by Bob Barr
Support for President Trump has become something of a litmus test in today’s GOP. While this actually is not a bad measure of political backbone for a Party often in need of it, the removal of Liz Cheney as Conference chair and her replacement with up-and-comer Elise Stefanik, is a reminder that in order to project and protect conservative values, the Party needs more. Much more.
Beyond Stefanik’s support for Trump is a troubling voting history in Congress. According to FreedomWorks’ 2020 congressional scorecard, Stefanik received a paltry 37 percent on scored votes. By comparison, Rep. Alexandria Ocasio-Cortez scored a 26 – just 11 points less than the GOP’s now third-ranking member in the House. Stefanik hardly seems the right choice to carry the GOP mantle at a time when conservative values are under attack from a progressive mob determined to wipe out all that we hold dear.
There are other troubling signs for the GOP. Take Florida Rep. Matt Gaetz.
Gaetz’s support for Trump and willingness to stand up to critics played a major role in the Florida Millennial blossoming into a rising GOP star, even though rumors of his questionable behavior were known for years. And, with a FreedomWorks’ congressional score of 65 (largely attributed to many missed votes on key bills), Gaetz’s unreliability as a crucial conservative vote fails to offset the liability he has become.
Stefanik and Gaetz are but the latest examples of the personality-over-principles problem within the GOP.
The prevalence of social media in today’s political campaigns appears to have forever altered how candidates communicate with voters. In some ways, this has given way to a welcomed sense of intimacy and genuineness through candid conversations recorded by the candidates themselves, rather than emotionless, focus-group-tested rote speeches and campaign ads.
On the other hand, social media, and the drive to “go viral” tends to bring out more bombastic behavior and antics, which may work well on the campaign trail and in congressional hearings soundbites, but can just as easily be highly counterproductive. Members who cannot, or will not rise to the dignity of the office they come to hold, become unwelcome distractions at a moment when the Party’s focus must be to sell the conservative agenda to voters.
This is not to say that members of Congress should be “seen, not heard.” In fact, one could argue the GOP needs more dominant personalities, able to command the attention and respect of voters in order to carry the conservative message forward. The problem occurs when the personality clouds that message – or hides it altogether.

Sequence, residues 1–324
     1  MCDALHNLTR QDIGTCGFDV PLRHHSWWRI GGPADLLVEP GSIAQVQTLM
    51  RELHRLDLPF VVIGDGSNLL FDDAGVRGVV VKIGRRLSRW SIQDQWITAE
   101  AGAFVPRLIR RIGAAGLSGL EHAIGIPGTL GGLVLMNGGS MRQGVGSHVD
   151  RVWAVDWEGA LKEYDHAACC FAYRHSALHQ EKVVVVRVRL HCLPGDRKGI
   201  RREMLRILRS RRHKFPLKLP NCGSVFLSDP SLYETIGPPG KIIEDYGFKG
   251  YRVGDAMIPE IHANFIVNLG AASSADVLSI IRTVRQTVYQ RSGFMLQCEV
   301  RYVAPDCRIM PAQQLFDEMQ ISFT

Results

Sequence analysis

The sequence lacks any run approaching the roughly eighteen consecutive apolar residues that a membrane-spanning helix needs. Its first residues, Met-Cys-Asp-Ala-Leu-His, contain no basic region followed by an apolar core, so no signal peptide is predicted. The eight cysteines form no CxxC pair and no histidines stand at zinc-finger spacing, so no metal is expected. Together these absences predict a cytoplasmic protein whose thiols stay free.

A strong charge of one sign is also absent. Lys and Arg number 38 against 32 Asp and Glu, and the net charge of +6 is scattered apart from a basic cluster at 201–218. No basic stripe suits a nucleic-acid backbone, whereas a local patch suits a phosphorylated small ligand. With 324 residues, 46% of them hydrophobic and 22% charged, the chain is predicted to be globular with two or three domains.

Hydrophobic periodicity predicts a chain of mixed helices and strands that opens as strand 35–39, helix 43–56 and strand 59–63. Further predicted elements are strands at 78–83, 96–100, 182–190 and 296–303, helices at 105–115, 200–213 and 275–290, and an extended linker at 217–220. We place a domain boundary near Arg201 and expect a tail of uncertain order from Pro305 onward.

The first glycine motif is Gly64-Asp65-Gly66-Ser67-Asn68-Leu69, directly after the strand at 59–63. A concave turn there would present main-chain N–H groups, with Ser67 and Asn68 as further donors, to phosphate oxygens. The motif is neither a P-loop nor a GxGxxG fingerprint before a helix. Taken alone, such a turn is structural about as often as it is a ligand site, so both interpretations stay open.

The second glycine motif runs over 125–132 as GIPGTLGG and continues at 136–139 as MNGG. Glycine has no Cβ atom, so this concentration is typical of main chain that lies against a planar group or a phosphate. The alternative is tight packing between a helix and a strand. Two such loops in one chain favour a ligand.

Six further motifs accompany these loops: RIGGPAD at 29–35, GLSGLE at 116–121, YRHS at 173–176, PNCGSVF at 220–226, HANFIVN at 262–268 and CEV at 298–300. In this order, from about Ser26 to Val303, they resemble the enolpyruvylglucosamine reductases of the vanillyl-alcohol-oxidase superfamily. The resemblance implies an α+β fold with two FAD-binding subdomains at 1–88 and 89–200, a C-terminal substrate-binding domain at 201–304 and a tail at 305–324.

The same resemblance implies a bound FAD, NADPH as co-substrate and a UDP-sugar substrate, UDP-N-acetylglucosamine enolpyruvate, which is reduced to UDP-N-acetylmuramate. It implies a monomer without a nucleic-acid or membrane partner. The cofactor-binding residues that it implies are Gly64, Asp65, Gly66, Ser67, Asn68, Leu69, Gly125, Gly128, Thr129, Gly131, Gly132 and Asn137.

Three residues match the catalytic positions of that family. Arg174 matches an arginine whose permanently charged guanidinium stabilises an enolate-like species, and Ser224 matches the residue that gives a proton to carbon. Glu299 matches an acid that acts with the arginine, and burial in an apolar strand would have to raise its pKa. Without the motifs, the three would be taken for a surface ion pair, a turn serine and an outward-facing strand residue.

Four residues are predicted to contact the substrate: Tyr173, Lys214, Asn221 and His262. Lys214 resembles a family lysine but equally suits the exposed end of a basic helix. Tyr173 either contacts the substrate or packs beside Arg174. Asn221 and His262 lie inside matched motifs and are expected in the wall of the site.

Dominant Republican figures such as Ronald Reagan, Barry Goldwater, and Newt Gingrich were not the sole product of outsized personalities able to “troll” their opponents. Their successes resulted from their abilities to sell the conservative message artfully and effectively to voters in a way that brought new voters into the party and offered existing members something new to cheer about. This is not possible without principles, no matter the size of one’s online following.
Trump was able to generate more votes for an incumbent president in history, but it still was not enough. The groundwork he laid will require the next generation of GOP leaders to not just tell voters that we need to “make America great again,” but explain to them precisely how it will do so.
Trump captured voters’ attention. It is now up to the GOP to hold it.
This is no easy task or one that should be taken lightly. As much as it seems obvious that Democrats want to destroy everything that makes America great, such insidiousness is wrapped in the seductive trappings of “free everything.” Opting to be the opposition Party that spends, but just not quite as lavishly as the Democrat Party, is hardly a winning strategy for the GOP.
Republicans will never be able to out-spend liberals. The only long-term, winning strategy is a true return to conservative principles that demonstrate to voters – clearly, consistently, and substantively – the very real threats to individual liberty posed by runaway spending, higher taxes, and authoritarian moves. This is, however, a strategy that will not, indeed cannot, be achieved by superficial personality theater.
Bob Barr represented Georgia’s Seventh District in the U.S. House of Representatives from 1995 to 2003. He served as the United States Attorney in Atlanta from 1986 to 1990 and was an official with the CIA in the 1970s. He now practices law in Atlanta, Georgia, and serves as head of Liberty Guard.